The advantage of expert fraud risk analysts is that they are well-versed in areas pertaining to establishing the context, risk identification as well as evaluation and then implementation of appropriate courses of action (PWC 8). Risk experts can also come in handy for the local bank because they are often good communicators, consultants, monitors and reviewers. They would significantly improve the local bank’s fraud detection approach by inspecting important sites, offering a detailed examination of corporate procedures and policies, conduct employee interviews and examine the local bank’s books of accounting as well as corporate documentation. The risk experts can also bolster the fraud risk assessment of the local bank by posing hypothetical scenarios and inquiring how the bank is equipped to address them. Such scenarios would help the bank to identify areas of potential financial loss as well as non-financial losses.
Identification of Common Risk Areas. The local bank should embark on an appraisal of the risk areas that are most susceptible to fraud. Akin to other industries, the banking sector’s most common risk areas are payroll management, inventory, cash and cheques, physical security, intellectual property and private or confidential information and information technology (PWC 8-9). Under payroll management, the bank is likely to be susceptible to fraud when it comes to purchasing, expenses, reimbursement and payroll operations. These are areas which entail the exit of funds from the bank’s premises thereby rendering them susceptible to fraudulent transactions. Moreover, the meteoric rise in electronic purchasing has elevated the risk because attackers can leverage gaps in security and commit fraud against the local bank. For instance, the bank should ensure to learn all the emerging trends in purchasing fraud including bribed and kickbacks, false invoices as well as the manipulation of master files and purchasing systems (PWC 9). Moreover, payroll management fraudulent schemes are rather hard to detect that it may take the local bank a long time to discover them. That being said, the local bank should be alarmed when it comes to light that suppliers and employees share a joint account, there are duplicates of invoices from a single transaction and there are shared bank accounts between unrelated bank employees.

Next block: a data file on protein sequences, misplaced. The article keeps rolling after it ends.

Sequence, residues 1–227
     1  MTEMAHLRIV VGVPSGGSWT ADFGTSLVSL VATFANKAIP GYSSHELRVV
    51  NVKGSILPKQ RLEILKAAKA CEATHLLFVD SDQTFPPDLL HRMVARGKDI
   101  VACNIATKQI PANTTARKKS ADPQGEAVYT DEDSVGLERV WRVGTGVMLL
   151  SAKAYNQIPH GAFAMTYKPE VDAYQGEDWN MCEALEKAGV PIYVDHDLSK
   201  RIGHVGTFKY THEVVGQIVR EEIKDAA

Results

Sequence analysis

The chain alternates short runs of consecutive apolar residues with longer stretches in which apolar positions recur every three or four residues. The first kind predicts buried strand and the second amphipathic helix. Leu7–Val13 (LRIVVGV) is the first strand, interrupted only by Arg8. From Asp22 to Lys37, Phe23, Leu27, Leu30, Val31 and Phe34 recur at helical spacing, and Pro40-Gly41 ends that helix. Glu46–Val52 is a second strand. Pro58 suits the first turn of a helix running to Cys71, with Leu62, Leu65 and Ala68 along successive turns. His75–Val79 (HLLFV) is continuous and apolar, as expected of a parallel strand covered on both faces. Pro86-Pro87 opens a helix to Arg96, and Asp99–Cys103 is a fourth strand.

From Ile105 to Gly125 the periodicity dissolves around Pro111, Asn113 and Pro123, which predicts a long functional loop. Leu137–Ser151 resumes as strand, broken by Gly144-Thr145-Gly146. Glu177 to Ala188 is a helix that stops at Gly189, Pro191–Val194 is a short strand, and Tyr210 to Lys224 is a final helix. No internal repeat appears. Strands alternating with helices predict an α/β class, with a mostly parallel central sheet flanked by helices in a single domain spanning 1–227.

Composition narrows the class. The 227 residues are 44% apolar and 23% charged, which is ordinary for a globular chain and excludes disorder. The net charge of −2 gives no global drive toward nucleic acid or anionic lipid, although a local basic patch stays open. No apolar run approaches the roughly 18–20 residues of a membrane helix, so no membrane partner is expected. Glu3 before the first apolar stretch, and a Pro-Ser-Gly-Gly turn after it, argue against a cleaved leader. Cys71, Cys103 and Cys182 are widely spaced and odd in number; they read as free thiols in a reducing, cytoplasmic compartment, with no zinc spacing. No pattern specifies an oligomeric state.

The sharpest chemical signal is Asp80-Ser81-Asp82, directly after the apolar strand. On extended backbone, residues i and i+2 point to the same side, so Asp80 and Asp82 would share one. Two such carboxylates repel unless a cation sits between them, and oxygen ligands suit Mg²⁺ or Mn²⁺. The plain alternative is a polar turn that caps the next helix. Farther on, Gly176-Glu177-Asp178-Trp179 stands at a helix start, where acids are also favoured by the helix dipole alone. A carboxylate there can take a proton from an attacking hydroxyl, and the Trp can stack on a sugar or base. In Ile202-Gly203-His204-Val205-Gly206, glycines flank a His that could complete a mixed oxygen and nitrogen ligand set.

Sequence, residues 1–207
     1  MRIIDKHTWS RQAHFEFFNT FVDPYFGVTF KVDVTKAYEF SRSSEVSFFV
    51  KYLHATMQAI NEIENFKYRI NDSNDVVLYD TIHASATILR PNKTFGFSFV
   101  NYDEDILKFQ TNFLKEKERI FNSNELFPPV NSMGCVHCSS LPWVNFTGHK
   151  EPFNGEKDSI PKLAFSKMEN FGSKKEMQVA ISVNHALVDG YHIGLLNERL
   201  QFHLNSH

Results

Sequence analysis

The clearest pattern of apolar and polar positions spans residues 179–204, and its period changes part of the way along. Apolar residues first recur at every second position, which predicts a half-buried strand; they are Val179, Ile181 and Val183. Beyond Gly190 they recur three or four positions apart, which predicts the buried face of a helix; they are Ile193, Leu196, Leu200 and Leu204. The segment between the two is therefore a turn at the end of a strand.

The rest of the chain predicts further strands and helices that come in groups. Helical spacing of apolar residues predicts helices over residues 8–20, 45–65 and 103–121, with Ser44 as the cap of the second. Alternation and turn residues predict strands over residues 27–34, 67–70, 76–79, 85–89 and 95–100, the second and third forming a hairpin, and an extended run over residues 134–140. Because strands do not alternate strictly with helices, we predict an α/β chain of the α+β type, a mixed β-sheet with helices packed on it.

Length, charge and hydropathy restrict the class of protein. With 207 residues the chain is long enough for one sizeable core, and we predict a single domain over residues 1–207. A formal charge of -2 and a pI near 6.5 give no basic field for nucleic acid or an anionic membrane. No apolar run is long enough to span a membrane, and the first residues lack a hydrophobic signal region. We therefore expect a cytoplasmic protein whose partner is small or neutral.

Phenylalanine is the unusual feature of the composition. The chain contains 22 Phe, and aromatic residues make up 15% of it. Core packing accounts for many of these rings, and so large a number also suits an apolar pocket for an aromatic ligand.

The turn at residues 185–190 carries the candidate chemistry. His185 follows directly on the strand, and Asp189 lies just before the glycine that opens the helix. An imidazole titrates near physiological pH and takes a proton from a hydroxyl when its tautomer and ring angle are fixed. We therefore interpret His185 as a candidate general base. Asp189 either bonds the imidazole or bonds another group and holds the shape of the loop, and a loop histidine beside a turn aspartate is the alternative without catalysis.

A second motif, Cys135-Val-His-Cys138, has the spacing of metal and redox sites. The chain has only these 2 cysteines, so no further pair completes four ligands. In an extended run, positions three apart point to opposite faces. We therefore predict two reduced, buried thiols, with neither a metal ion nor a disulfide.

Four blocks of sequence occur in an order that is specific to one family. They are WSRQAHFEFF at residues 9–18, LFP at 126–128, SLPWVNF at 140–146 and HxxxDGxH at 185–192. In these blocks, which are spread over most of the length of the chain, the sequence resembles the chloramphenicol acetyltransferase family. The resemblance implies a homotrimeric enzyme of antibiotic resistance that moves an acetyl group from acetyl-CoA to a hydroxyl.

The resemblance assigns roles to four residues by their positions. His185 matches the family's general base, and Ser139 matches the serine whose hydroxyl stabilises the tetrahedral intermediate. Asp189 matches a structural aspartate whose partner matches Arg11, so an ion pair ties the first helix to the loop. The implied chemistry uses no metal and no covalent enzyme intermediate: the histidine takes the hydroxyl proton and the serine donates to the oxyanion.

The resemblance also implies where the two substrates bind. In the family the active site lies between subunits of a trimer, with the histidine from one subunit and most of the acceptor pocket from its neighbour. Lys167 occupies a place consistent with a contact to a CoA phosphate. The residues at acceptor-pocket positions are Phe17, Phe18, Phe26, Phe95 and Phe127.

When it comes to inventory, the local bank should know that debtors, sales and inventory are associated with fraud in most cases. Typically, the fraud that prevails herein includes the theft of inventory from a warehouse or inventory diversion especially when it is un transit (PWC 9). Some employees also partake in fraudulent cash collections through understating and underreporting figures. Furthermore, there is the prevalence of awarding notes of credit through bribing of bank employees to facilitate transactions with the bank especially when it comes to contractual obligations. In some cases, some fraudulent parties report false transactions and carry out refunds to bank customers even when unauthorized by the higher-ups (PWC 9). The local bank should therefore be aware that inventory fraud is eerily similar to sales fraud because fraudulent employees may make up fake sales invoices and sell of bank inventory and credit the sales to un-authorized staff. The local bank should therefore look out for unauthorized debt write-offs, inventory entries that are negative and reversed transactions from one period to another.